Sunday, July 5, 2015

Greek Religion and Greek Mythology ~ The Separation and Unity

Many people in our modern time look at Greek religion and Greek mythology and assume that they are one in the same. Evidence of this fallacy is found in the fact that they commonly describe the Greek Gods entirely by their mythologies, and it goes to show, unbeknownst to the modern individual, that they don't know anything about what they are speaking. However, that is not to say that mythology should always be completely ignored or discounted, and some of the myths are ones that you study throughout your life, not something that you read once and never touch again. I've been Hellenic for the better part of 6 years, and I am still studying mythology. In fact, as I write this, I am about to do more readings into The Iliad. So some of the myths are life long studies, as they can take that long to fully grasp, and one may not even have completely mastered it by the time they draw their last breath. Greek myth is anything but simplistic, contrary to modern assumptions.

There is the coexistence of a separation and unity when it comes to myth and religion that should be recognized. First, we must discuss the separation. In our time especially among Hellenists, the myths are not literal. Most myths are allegorical, metaphorical and symbolic, should a Hellenist choose to accept any of them at all. One reason they are not often taken as factual events, is because different versions sometimes contradict, meaning they have a cultural, relative basis. Each city state in Greece had its own mythology. A myth can also be written by anyone, at anytime, for any reason. What's important to understand about myth is that it is a way for someone to understand something in the best way they can at the given time, which may or may not be the actual truth of the matter, but it is nevertheless how they understand it. For example, if you and I lived in ancient Greece as servants of Apollon and I forgot to give Him His daily offerings and I suddenly died that day mysteriously. You might conclude that Apollon shot me down for not honoring Him as I should have, because that's the only explanation you can imagine at the time. You have no way of knowing that my unhealthy eating habits and lack of exercise for the last ten years caused me to have a heart attack, which is the actual reality of the matter. It's not that you lied, it's just that you explained it the best you could.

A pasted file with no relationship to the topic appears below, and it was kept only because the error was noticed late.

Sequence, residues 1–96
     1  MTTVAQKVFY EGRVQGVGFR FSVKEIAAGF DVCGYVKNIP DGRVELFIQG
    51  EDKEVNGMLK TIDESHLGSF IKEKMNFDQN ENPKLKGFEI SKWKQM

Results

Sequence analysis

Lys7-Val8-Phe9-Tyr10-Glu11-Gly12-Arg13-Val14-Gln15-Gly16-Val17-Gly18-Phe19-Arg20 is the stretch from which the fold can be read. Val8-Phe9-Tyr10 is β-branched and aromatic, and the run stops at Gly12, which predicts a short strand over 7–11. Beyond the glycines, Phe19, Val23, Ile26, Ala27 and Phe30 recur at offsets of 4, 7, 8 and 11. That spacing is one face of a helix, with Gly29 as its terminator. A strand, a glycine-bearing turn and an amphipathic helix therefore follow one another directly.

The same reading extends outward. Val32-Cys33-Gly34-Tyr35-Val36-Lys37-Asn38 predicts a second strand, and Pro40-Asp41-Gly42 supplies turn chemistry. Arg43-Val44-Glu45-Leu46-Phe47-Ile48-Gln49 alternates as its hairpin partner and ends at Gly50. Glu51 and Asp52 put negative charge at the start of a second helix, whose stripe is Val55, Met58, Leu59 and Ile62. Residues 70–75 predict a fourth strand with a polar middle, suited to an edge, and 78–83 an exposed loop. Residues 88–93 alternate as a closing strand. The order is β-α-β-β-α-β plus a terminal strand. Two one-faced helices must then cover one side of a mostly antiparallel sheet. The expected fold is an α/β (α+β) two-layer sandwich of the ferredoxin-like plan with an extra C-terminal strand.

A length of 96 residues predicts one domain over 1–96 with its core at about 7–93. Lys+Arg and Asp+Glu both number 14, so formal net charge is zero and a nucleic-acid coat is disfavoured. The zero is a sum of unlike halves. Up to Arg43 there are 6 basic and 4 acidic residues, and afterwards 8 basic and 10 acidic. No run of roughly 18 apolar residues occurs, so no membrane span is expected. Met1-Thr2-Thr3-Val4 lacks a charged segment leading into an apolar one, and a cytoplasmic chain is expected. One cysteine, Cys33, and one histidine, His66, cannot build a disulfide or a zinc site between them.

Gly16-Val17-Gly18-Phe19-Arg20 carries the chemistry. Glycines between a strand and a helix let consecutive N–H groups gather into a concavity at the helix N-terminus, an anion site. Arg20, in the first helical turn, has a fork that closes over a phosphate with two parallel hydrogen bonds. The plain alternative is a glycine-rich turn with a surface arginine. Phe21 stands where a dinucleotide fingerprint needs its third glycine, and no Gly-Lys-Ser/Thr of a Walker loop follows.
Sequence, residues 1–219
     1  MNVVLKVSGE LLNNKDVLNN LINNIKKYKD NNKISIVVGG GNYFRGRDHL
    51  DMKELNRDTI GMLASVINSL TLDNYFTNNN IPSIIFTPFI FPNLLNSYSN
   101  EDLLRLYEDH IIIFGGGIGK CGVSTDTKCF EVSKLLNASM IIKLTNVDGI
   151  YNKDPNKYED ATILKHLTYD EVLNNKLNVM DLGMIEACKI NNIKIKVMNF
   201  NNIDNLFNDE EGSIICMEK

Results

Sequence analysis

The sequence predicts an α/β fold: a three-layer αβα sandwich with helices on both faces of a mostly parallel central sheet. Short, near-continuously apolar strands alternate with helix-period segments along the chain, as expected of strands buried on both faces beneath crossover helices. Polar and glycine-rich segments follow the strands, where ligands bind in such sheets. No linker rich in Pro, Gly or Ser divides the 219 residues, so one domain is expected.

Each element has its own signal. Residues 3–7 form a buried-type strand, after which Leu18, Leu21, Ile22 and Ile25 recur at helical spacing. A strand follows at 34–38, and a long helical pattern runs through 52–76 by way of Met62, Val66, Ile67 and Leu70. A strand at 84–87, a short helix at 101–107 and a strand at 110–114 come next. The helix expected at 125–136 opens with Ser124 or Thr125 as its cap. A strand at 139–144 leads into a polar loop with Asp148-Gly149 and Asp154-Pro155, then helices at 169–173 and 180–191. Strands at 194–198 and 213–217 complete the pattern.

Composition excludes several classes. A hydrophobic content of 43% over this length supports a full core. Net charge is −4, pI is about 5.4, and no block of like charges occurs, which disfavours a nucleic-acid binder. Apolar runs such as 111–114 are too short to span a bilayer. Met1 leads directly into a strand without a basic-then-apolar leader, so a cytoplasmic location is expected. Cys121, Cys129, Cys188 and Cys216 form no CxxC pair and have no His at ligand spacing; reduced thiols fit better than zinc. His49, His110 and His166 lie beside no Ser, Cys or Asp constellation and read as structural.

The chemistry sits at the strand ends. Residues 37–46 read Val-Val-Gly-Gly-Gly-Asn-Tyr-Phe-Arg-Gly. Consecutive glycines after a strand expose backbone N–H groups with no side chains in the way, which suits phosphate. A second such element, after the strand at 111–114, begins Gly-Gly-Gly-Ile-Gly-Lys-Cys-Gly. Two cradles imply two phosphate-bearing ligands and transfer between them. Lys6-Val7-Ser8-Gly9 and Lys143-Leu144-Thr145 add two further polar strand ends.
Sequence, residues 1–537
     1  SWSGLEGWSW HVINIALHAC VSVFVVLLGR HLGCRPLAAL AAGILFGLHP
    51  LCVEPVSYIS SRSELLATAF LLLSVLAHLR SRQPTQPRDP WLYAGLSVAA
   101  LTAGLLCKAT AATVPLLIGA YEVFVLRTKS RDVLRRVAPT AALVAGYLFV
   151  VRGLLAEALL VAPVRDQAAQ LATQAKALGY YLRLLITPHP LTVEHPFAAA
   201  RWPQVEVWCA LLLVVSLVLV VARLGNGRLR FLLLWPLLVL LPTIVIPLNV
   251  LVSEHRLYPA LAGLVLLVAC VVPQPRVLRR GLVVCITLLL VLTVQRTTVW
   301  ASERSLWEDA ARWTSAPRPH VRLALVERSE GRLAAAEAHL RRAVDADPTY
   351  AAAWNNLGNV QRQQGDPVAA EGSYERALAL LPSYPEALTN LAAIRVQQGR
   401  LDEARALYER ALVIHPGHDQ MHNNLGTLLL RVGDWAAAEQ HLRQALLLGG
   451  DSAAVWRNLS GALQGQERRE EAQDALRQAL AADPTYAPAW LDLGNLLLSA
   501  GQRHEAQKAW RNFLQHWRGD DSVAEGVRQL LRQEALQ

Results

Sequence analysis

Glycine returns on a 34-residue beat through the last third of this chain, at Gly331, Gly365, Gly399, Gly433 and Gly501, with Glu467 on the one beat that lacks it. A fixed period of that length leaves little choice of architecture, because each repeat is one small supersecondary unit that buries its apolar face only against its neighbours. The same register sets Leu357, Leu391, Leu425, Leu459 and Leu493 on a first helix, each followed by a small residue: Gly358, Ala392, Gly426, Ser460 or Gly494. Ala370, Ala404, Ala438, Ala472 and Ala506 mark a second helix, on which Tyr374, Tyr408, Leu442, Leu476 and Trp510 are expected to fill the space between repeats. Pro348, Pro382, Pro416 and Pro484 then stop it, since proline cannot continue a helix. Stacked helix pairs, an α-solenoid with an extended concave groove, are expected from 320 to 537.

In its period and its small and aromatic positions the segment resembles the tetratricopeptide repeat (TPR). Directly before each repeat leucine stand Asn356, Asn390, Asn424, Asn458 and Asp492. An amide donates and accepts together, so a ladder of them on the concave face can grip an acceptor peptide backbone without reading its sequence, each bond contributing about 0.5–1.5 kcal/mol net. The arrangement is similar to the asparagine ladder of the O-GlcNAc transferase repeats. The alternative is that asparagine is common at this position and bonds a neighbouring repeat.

On the other hand, myths, in my opinion, are an excellent source for learning the attributes and capabilities of the Gods and Heroes, because even if the tales themselves are not literal, they are describing literal beings. For example, if someone writes a story about John Smith who lives at 1234 South Ave and does archery, the story they tell may be their own version of an event, it might even be a shabby recollection, but it is still talking about the John Smith of 1234 South Ave who does archery. Sometimes, when I am writing my own prayers to Gods and Heroes, I will look through myths to find relevant connections I can use to construct such poetic art.

So within Hellenic religion, there is a separation but also a unity to be respected and learned from in mythology.

In the Goodness of the Dodekatheon,

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